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An evaluation of United World Colleges

Branson, Jacqueline; (2003) An evaluation of United World Colleges. Doctoral thesis , Institute of Education, University of London. Green open access

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This evaluation of United World Colleges (lIWC) explored the relationships hctween the mm'ement"s aims and the processes and outcomes of learning in the colkges. The purpose of the evaluation was to estahlish how cflective the colleges were in meeting their aims and the factors that defined their enectivcness. The research focused on the perspectives of UWC students. graduates and staff in eight of the nine l UWCs internationally. Semi-structured intervie\\s provided the main source of evidence in the first phase of data collection. supplemented hy student journals. informal observations and documentary evidence. The second phase of data collection comprised a large-scale postal questionnaire or UWC students to check the validity of initial tindings amongst a larger sampk. The evaluation established that lJWCs \vere effective in meeting their aims. especially in relation to citizenship education. Ilmvever. \vhile it \vas apparent that the Cormal curriculum was an important and orten underestimated Jactor or inlluellce. it became clear that inf(xmal learning experiences were more inf1uential. These experiences \\eIT related to the way in which individuals interacted with day-to-day activities and vvith one another and henee much of vvhat could he understood about the cfkctiveness of UWCs appeared to he rooted in how the colleges functioned as communities. By exploring the cultural norms that governed communal behaviour. it was possible to identify certain values and beliefs shared within and between UWCs. These \alues and beliefs could be traced back to the movement's founding principles and appeared to be the essence or its culture. providing the learning experiences encountered ill its colleges vvith meaning and potency.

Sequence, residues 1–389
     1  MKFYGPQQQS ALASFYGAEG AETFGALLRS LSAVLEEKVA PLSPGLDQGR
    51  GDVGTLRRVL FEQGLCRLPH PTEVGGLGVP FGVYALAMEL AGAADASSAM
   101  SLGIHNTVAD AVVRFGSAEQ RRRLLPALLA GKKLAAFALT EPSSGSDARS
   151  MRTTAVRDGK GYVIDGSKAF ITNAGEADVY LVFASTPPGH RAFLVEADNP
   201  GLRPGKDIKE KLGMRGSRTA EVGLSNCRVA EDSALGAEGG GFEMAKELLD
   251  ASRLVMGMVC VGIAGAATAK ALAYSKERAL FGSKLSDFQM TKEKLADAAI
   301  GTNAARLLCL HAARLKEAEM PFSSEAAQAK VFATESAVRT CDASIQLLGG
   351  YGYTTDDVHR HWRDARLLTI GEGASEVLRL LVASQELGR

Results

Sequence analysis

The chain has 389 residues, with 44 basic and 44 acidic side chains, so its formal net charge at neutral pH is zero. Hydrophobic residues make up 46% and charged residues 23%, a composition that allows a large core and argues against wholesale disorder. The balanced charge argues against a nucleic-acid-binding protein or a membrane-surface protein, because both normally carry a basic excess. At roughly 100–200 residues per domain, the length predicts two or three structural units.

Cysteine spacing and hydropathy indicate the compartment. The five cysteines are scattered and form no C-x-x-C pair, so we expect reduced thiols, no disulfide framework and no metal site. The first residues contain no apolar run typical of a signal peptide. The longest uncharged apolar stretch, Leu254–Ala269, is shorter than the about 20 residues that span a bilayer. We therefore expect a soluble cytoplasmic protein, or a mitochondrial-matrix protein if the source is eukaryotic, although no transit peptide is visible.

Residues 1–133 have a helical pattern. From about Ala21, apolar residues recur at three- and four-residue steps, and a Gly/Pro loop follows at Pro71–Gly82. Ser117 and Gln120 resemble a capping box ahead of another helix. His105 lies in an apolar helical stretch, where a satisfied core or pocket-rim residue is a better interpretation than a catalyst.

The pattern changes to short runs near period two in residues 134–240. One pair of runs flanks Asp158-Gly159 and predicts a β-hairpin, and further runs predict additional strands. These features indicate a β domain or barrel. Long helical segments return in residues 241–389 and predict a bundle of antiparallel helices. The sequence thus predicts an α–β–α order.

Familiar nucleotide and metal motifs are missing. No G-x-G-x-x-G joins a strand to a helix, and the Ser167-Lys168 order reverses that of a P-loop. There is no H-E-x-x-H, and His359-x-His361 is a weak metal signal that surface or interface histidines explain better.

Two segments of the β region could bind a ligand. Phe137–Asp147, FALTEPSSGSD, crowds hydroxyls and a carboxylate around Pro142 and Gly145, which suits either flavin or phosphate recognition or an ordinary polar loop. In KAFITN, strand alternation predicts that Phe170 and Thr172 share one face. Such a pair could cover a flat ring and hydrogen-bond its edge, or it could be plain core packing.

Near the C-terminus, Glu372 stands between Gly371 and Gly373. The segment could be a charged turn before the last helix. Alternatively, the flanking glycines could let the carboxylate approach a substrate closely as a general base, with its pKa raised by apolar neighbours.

Type: Thesis (Doctoral)
Title: An evaluation of United World Colleges
Open access status: An open access version is available from UCL Discovery
Language: English
Additional information: Thesis: (PhD) University of London Institute of Education, 2003.
UCL classification: UCL > Provost and Vice Provost Offices > School of Education > UCL Institute of Education
URI: https://discovery.ucl.ac.uk/id/eprint/10006651
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